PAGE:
The former investment banker at Goldman Sachs became the new president of U.S. Soccer on Feb. 11. He replaces Sunil Gulati after an election in Orlando, Florida that required three rounds of voting to finally crown Cordeiro.
The new president is not exactly new at this: he has been Gulati's vice president since 2016 and has served various roles with U.S Soccer including treasurer, chair of the budget committee, and director of the U.S. Soccer Foundation amid representing his country on the. CONCACAF Council and FIFA's Stakeholders Committee.
His mandate is to restore U.S credibility in football around the globe after the country's national team failed to qualify for the 2018 World Cup in Russia. The Americans had never missed the sports' biggest showcase since Italy 1990.
His victory represents an overwhelming endorsement for the establishment in a field of mostly reform candidates that included some inexperienced former football players. Those running for the post included Paul Caligiuri, Kathy Carter, Steve Gans, Kyle Martino, Hope Solo, Michael Winograd and Eric Wynalda.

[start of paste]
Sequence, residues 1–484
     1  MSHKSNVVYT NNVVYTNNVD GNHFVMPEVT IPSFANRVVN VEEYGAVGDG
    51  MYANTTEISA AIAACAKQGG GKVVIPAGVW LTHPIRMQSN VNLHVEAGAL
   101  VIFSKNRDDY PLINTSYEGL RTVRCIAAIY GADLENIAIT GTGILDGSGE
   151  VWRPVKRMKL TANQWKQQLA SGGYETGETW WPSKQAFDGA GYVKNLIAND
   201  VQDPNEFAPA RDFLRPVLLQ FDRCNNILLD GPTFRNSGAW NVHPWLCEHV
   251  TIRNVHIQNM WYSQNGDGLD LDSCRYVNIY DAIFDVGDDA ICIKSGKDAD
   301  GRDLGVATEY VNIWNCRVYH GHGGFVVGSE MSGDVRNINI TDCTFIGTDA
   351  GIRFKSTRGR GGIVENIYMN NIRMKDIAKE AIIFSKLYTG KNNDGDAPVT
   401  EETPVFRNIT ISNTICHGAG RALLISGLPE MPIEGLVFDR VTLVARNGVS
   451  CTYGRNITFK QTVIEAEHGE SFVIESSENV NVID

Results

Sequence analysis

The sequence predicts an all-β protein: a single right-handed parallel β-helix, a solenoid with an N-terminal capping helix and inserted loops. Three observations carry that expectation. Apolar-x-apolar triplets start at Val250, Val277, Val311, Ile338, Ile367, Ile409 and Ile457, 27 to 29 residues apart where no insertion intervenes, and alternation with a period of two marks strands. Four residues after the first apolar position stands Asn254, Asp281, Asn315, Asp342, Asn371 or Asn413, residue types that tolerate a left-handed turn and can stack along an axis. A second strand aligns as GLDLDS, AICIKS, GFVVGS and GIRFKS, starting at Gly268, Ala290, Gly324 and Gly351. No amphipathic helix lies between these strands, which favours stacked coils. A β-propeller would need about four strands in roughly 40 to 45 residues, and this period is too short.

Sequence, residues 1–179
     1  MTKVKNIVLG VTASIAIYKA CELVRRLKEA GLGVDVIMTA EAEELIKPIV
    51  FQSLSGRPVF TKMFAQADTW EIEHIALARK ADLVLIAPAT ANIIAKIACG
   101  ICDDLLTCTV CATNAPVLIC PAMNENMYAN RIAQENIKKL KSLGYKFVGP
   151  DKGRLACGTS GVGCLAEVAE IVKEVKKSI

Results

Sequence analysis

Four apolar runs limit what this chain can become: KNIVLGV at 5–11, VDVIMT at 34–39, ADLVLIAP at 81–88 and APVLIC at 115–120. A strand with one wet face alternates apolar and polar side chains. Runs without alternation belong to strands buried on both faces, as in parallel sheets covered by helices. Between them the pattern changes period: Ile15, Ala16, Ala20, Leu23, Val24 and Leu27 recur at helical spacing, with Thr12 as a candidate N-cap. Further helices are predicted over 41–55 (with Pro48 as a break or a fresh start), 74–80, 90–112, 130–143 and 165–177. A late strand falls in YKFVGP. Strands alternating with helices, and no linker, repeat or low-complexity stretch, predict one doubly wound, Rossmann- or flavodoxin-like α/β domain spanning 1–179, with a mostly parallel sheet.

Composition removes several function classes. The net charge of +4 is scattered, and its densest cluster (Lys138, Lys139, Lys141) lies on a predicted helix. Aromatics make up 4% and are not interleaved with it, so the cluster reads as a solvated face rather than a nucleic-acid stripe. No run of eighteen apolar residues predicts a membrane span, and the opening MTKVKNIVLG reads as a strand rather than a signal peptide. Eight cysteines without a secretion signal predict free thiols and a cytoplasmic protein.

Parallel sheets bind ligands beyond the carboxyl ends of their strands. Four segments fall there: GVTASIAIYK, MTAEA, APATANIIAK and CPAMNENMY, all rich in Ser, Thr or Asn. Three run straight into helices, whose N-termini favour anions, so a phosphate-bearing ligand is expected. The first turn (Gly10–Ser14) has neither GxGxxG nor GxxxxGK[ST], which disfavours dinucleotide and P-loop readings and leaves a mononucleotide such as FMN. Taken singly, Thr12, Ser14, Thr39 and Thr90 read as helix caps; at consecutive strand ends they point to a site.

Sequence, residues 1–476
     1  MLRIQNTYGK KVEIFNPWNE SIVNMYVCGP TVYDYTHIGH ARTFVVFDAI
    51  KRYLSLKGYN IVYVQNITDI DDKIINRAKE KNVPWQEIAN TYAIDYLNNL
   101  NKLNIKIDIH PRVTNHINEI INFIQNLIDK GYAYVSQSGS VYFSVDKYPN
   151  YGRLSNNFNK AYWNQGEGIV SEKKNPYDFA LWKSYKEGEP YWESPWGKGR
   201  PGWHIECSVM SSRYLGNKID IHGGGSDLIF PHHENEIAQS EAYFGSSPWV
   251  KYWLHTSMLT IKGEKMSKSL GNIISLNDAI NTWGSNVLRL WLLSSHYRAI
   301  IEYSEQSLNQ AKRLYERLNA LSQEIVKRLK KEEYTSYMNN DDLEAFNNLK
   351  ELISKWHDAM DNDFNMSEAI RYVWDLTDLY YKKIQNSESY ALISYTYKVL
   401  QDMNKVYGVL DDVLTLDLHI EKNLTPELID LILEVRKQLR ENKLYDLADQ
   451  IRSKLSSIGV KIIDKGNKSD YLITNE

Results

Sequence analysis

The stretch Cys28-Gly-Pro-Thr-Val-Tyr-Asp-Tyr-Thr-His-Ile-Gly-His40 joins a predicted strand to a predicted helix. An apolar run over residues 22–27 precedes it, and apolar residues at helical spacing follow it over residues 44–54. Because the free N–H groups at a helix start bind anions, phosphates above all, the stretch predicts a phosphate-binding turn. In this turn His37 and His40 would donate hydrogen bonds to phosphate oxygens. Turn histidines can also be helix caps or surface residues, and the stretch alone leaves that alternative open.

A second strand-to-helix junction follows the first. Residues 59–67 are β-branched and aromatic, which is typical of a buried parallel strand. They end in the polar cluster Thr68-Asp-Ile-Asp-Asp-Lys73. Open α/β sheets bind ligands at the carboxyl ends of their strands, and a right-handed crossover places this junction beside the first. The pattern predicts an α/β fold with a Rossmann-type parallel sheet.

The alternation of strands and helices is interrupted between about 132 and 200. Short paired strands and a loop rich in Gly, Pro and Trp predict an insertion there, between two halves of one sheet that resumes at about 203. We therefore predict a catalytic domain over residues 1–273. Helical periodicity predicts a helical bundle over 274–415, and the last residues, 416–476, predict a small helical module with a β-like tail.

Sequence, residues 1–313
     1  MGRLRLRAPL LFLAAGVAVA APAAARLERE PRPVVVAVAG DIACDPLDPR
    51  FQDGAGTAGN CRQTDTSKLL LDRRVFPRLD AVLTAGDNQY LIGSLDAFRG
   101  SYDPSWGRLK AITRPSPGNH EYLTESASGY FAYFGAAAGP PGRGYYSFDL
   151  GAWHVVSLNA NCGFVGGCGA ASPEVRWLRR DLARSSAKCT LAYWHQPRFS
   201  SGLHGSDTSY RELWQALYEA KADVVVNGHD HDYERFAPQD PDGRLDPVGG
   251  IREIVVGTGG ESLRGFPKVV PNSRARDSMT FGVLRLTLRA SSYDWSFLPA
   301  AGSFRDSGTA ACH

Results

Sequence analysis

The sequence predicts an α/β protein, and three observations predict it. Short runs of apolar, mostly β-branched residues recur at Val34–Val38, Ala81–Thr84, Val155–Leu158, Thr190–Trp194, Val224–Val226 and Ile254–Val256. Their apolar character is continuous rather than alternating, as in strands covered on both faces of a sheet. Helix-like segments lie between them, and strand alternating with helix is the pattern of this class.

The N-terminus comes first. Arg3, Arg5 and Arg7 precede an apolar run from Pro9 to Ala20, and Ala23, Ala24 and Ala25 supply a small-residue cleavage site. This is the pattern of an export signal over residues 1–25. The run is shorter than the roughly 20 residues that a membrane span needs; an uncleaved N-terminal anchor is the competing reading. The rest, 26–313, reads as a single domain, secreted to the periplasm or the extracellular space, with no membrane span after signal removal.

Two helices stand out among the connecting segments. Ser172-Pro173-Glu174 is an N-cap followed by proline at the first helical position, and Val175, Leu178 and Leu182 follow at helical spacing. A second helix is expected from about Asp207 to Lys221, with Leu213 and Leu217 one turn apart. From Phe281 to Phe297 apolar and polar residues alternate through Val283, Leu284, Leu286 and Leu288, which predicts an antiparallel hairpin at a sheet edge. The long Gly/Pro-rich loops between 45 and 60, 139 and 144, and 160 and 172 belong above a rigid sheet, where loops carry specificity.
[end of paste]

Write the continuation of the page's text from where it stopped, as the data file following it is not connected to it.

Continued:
Cordeiro clinched his victory on the third ballot winning 69% of the vote. In the first two ballots, the new president received 36% and 42%, respectively, while in the last round he had to endure a strong challenge by Carter, the president of Major League Soccer's marketing arm, S.U.M.
Among those with less support, former World Cup star Caligiuri withdrew from the election after receiving only 0.5% of the vote on the first ballot while Michael Winograd and Steven Gans followed suit after the second.
Other disappointing performances came from former U.S. Olympic and World Cup goalkeeper Hope Solo. Despite her fame, Solo received less than 1.6% of the vote in each round. This was the first contested U.S. Soccer presidential election since 1998.
To those of you who didn't vote for me, I'm going to work to earn your support and trust over the next four years, Cordeiro said after his win. I promise I will work for all of you to bring us together as one soccer community.
The new American soccer boss arrived to the U.S. as a teenager with his widowed Colombian mother. His father was Portuguese.
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